(Image: The Straits Times)


Q: My neighbour installed a CCTV outside his home and I'm concerned that it's intruding on my privacy since I live next door. Is this legal?

A: HDB residents who intend to install CCTVs outside their flats must first obtain approval from HDB. HDB will only grant such approval if the homeowner can show that he or she is facing possible harassment or threats to security. Even in such cases, HDB will only allow the CCTVs to be installed for a fixed period of time. Once the harassment or threat ends, the homeowner will have to remove the CCTVs. 

If you live in a condominium or a strata property, you may wish to check the MCST rules or by-laws to determine if they permit the installation of CCTVs in common areas. 

There are no laws preventing owners of landed homes from installing CCTVs on their premises. If you live in a landed residence, you essentially own the land on which the residence sits, and are free to install CCTVs on any part of your compound. 

Singapore currently has no privacy laws. If you feel that a neighbour’s CCTV is directly recording your actions and causing you discomfort, you may consider inviting your neighbour to mediation or filing a court complaint under the Community Disputes Resolution Act (CDRA).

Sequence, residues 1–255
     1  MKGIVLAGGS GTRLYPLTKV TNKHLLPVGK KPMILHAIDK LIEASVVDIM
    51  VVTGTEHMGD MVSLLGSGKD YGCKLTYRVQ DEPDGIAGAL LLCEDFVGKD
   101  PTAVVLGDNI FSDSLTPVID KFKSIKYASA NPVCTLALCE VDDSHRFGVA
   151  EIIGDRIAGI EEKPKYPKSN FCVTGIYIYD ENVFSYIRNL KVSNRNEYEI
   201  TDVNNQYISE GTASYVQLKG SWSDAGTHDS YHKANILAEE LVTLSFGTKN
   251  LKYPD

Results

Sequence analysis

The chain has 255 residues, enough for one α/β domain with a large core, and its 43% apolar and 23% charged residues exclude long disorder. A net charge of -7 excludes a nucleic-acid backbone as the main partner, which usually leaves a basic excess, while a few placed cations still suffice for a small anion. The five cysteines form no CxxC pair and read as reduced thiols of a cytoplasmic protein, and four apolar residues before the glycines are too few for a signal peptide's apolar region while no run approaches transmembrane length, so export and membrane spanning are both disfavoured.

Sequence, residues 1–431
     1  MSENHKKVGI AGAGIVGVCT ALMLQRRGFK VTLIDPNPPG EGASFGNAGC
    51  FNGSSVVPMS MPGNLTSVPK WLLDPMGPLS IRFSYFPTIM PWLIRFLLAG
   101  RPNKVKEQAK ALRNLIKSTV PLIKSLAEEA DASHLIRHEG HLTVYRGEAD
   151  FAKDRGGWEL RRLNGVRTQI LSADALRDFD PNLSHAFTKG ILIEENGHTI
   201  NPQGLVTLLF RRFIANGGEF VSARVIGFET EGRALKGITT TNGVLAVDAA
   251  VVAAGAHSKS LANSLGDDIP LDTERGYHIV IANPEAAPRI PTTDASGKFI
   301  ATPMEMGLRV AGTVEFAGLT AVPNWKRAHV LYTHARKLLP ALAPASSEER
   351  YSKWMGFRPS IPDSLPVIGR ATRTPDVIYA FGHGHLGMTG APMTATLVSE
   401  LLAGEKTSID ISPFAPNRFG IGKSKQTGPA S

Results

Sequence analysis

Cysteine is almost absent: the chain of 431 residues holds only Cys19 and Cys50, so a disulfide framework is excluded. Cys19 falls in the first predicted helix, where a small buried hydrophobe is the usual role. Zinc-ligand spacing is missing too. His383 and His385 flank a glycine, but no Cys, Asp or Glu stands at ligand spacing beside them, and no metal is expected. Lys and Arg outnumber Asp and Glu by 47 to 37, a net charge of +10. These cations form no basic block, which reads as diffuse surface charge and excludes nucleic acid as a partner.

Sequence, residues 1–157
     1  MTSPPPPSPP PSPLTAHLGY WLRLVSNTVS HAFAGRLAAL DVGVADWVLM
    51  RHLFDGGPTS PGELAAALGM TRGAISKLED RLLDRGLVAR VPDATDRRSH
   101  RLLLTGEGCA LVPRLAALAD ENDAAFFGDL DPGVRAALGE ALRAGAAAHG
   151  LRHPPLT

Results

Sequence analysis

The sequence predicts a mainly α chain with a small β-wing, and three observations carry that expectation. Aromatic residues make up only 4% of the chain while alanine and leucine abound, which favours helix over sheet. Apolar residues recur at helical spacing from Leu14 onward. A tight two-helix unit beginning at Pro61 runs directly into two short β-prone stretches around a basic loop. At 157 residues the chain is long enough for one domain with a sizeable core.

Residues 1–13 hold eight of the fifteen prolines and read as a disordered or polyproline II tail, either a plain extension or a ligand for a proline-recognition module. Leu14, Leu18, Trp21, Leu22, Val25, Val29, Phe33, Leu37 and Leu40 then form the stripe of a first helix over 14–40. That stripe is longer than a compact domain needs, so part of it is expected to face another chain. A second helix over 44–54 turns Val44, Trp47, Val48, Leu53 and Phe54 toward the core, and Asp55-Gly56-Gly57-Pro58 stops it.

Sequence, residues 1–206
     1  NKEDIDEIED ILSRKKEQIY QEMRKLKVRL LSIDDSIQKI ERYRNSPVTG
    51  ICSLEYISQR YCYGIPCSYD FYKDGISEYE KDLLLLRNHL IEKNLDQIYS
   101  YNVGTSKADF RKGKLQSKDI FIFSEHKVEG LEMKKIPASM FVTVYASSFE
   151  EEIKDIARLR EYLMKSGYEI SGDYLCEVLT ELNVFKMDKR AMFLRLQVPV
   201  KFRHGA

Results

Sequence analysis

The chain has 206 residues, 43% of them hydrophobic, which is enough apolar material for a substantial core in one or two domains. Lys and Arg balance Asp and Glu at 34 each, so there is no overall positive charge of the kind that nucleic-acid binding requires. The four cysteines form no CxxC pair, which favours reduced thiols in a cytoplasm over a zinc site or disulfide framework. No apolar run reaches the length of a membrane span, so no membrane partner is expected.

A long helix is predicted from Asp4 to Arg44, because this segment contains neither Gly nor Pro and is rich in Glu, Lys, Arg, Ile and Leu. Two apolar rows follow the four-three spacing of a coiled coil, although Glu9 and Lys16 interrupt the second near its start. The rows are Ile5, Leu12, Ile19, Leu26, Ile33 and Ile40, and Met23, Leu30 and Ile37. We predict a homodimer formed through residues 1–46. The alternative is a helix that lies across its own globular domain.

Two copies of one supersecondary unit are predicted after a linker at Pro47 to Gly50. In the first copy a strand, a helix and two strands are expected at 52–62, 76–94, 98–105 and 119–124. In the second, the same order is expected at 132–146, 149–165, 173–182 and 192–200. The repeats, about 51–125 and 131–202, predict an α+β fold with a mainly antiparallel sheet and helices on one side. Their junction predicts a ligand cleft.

Do you have a legal question regarding your home?

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Fong Wei Li practises litigation and arbitration at KEL LLC – a boutique Singapore law firm specialising in civil and commercial law. He acts for corporate and individual clients in managing and resolving disputes across a wide range of issues and industries. Wei Li has a particular interest and expertise in Internet and social-media law. He provides strategic counsel and representation to businesses and high-profile individuals in a spectrum of media-related issues such as reputation management, appropriate-use policies, privacy and digital marketing. In addition to his practice as a lawyer, Wei Li teaches as an adjunct faculty at the Singapore Management University’s School of Law. 



Disclaimer: This article provides a general guide to the subject matter and should not be treated as professional legal advice. If you require specific legal advice, you are encouraged to consult a qualified legal professional to obtain the same.